of the turret have to be stiff against wind. This requires line contact between the meshing teeth of the large gear wheel
and the pinion. High preload forces to achieve line contact are not allowed because of appearing stick-slip effects. To
reduce the risk on stick-slip a special design of the teeth for high stiffness combined with low friction and smooth
transition from one tooth to the next was made. Furthermore, extreme precision in the fabrication was pursued such that
relatively small contact forces give already line contact. This required a special order of the successive fabrication steps
of the combination of bearing and gear teeth. An additional problem was the relatively thin section of the bearings
required for a compact turret construction, needed for best local seeing and minimum wind load. Solutions for all these
problems will be discussed. For the large gears the exceptional good DIN quality class 4 for the pitch precision and
straightness plus direction of the teeth faces was achieved.
The 1-meter Swedish solar telescope is a new solar telescope that was put in operation on the island of La Palma in the Canary Islands at the end of May 2002. The goal of this telescope is to reach its diffraction limited resolution of 0.1 arcsec in blue light. This has already been achieved by use of a low-order adaptive optics (AO)system. This paper describes the AO system initially developed for the former 50-cm Swedish Vacuum Solar Telescope (SVST) and further improved for the new telescope. Both systems use a combination of bimorph modal mirrors and Shack-Hartmann wavefront sensors. Unique to these systems are that they rely on a single workstation or a PC to do all the computations required to extract and pre-process the images, measure their positions using cross correlation techniques and for controlling the deformable mirror. This is in the present system possible by using the PERR instruction available on Compaq's Alpha architecture and in the new system using the PSADDBW instruction, available on Pentium 4 and Athlon processors. We describe both these systems with an emphasis on the performance, the ease of support and upgrades of performance.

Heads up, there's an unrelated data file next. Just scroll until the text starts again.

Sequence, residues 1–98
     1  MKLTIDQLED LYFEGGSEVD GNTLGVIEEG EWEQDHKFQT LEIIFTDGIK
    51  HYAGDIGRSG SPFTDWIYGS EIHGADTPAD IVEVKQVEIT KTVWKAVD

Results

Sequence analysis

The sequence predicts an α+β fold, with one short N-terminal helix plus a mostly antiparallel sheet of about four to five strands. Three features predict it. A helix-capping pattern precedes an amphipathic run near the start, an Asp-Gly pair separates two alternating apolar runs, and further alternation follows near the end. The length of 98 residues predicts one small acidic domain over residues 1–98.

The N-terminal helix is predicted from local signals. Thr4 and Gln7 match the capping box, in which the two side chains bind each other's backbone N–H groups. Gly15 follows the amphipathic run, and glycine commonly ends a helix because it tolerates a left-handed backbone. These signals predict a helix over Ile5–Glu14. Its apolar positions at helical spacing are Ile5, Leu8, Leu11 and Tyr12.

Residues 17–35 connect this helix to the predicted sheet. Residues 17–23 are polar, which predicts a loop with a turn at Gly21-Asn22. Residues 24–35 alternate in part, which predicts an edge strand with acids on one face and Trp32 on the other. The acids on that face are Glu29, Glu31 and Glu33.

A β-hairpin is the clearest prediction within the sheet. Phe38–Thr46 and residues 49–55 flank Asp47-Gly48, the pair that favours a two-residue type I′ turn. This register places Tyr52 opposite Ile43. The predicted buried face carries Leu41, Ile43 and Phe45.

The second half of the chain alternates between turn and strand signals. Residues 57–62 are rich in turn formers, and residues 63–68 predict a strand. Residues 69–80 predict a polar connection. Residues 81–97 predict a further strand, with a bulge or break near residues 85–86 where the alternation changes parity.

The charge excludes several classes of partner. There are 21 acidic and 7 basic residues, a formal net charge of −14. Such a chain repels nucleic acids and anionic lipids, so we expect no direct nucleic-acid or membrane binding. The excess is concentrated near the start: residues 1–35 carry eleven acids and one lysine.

We also describe the optimization of the electrode geometry for the new 37-electrode bimorph mirror, supplied by AOPTIX Technologies, Inc., for controlling Karhunen--Loeve modes. Expected performance, based on closed-loop simulations, is discussed.
We report on the use of a new joint phase diverse speckle code, an implementation of a method where a single object and individual phases are estimated from several pairs of phase diverse data. The code was used on 430.5 nm G-band data collected with the newly installed Swedish 1-meter solar telescope in La Palma, equipped with a low-order adaptive optics system. We describe the algorithm briefly, show wavefront statistics and object estimates from the processing and discuss the results. We demonstrate a resolution of 0.12 arc seconds for a time sequence and a large field of view, which is a break-through for ground based solar telescopes.